Chinese/Korean/Japanese: how idiomatic are they?

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  • gao_yixing

    Senior Member
    Chinese
    Which of these languages is the most idiomatic? Are idioms generally common in them? Is there any particular nature of idioms that is characteristic for these languages?
    I don't know much about Japanese and Korean. But there are a huge number of idioms in Chinese. They are used in everyday conversation.
    Most of the idioms have 4 characters.
     

    1000stars

    Member
    English
    Hi,
    I'm Korean, and I can tell you...there are A LOT of korean idioms. Half of them I don't even know. I use it everyday with my friends and family.
    But I think they have similarities with Japanese and Chinese. I don't know. Time for a Japanese to have a look at htis forum ^^

    --Smile--
     

    cheshire

    Senior Member
    Japanese
    I don't know much about Japanese and Korean. But there are a huge number of idioms in Chinese. They are used in everyday conversation.
    Most of the idioms have 4 characters.
    It makes me wonder why there are far more idioms of 4 characters than 3-character phrases. Chinese also avoid one syllabic words, for example "hen hao" in place of just "hao." Is it the characteristic proper to 北京話 or of universally Chinese trait?
     

    gao_yixing

    Senior Member
    Chinese
    It makes me wonder why there are far more idioms of 4 characters than 3-character phrases. Chinese also avoid one syllabic words, for example "hen hao" in place of just "hao." Is it the characteristic proper to 北京話 or of universally Chinese trait?
    Well.....Even number of characters sounds better.
    hen hao and hao are different in meaning. But...if you only say one character, it must be an order or indicate that you are angry or arrogant. For example, if you want to answer "yes", you shouldn't say "shi". You'd better say "shi ba" when you are not very sure, or "shi de", "hao de", "hao ba". That sounds better. When you say more, it sounds like you pay more respect.
     

    Lugubert

    Senior Member
    Well.....Even number of characters sounds better.
    hen hao and hao are different in meaning. But...if you only say one character, it must be an order or indicate that you are angry or arrogant. For example, if you wanna answer "yes", you shouldn't say "shi". You'd better say "shi ba" when you are not very sure, or "shi de", "hao de", "hao ba". That sounds better. When you say more, it sounds like you pay more respect.
    Haohaode! There's also the fact that a simple hao often implies a comparison - not absolutely good, but good compared to what we were talking about. Hen hao is just 'good', not the "literally" 'very good'.

    请你 edit wanna to want to, before Flaminius finds you out ;-)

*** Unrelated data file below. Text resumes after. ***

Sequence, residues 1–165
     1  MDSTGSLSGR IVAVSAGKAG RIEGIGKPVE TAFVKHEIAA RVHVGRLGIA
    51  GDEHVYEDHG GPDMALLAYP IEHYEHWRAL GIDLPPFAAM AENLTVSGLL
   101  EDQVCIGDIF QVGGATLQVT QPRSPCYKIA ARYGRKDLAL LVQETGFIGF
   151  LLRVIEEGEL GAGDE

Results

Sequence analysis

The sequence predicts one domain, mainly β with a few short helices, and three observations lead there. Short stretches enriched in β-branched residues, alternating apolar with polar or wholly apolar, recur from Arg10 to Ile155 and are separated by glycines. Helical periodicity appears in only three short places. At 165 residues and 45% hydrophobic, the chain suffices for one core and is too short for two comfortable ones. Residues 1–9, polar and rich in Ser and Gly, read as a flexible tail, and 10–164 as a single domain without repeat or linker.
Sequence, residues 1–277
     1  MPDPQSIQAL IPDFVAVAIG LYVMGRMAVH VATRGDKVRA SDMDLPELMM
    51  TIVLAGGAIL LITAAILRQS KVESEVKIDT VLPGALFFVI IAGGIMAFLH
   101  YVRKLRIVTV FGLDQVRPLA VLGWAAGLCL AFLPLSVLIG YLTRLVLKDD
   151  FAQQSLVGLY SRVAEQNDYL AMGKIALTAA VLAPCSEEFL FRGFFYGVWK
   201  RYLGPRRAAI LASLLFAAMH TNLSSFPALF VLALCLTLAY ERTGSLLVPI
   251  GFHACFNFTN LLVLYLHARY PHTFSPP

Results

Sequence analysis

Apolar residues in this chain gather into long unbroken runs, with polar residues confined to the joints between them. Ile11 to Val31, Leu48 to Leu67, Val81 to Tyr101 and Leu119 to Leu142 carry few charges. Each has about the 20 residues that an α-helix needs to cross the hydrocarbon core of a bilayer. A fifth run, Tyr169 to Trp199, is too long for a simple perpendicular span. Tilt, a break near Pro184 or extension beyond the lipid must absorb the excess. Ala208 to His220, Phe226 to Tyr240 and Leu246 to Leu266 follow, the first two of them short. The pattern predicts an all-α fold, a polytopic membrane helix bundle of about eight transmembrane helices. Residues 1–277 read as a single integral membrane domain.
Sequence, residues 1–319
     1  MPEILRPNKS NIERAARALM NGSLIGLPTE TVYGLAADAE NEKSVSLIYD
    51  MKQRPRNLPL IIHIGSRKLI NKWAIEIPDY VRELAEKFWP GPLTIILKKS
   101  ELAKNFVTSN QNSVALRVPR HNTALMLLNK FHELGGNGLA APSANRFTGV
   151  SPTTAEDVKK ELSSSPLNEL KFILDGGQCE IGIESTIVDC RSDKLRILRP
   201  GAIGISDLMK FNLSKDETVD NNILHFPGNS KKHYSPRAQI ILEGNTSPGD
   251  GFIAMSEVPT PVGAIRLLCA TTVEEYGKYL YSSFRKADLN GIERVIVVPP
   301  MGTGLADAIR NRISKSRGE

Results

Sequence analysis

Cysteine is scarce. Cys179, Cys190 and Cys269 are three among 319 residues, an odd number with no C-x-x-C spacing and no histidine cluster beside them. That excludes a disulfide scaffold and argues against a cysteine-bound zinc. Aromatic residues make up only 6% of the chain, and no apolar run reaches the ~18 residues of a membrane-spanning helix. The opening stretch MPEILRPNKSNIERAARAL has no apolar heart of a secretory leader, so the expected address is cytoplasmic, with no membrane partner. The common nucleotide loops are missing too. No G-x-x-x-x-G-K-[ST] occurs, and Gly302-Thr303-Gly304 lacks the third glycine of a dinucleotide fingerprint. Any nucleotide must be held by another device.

cheshire

    Senior Member
    Japanese
    Very interesting, and great advice!
    That explains why I seldom saw one letter words in conversation books.
    But I remember 行! (xing) used, it must have been like from Mother to her child.
     

    gao_yixing

    Senior Member
    Chinese
    Haohaode! There's also the fact that a simple hao often implies a comparison - not absolutely good, but good compared to what we were talking about. Hen hao is just 'good', not the "literally" 'very good'.

    请你 edit wanna to want to, before Flaminius finds you out ;-)
    Oh.....What will Flaminius do? Is there a rule or something? I'm a newbie. Uh....
    In my opinion, when I say "hen hao", I mean uh...fairly good. Very good is fei chang hao. If you just want to say "good", "bu cuo" is a "bu cuo de" choice.
     

    CrazyIvan

    Senior Member
    Taiwan-Taiwanese
    Oh.....What will Flaminius do? Is there a rule or something? I'm a newbie. Uh....
    In my opinion, when I say "hen hao", I mean uh...fairly good. Very good is fei chang hao. If you just want to say "good", "bu cuo" is a "bu cuo de" choice.
    Could you type bu cuo in characters? I really have no clues about what that really is. >.<

    As I remembered, these three languages all have quite a few idiomatic expression, and sometimes ( though to my experience is most of times.:p) those "four-character" idioms in between these three languages are pronounced in very similar way. Once I say one, my Korean and Japanese friends can realize what I am saying and recite in their language with limited variations. ( such as tones, or, emphasis in sounds.)

    Through idioms you can see the interesting side of history in between these three languages, since language is a reflection of culture and history. ( surely this is only in my opinion.:p)
     

    cheshire

    Senior Member
    Japanese
    True, I was pleasantly surprised when I read that 馬鹿 (fool) in Japanese comes from Chinese, from the period of 始皇帝's son! (I forgot the 4-letter idiom, though)

    I think 漢語 for "bucuo" is 不錯.
     
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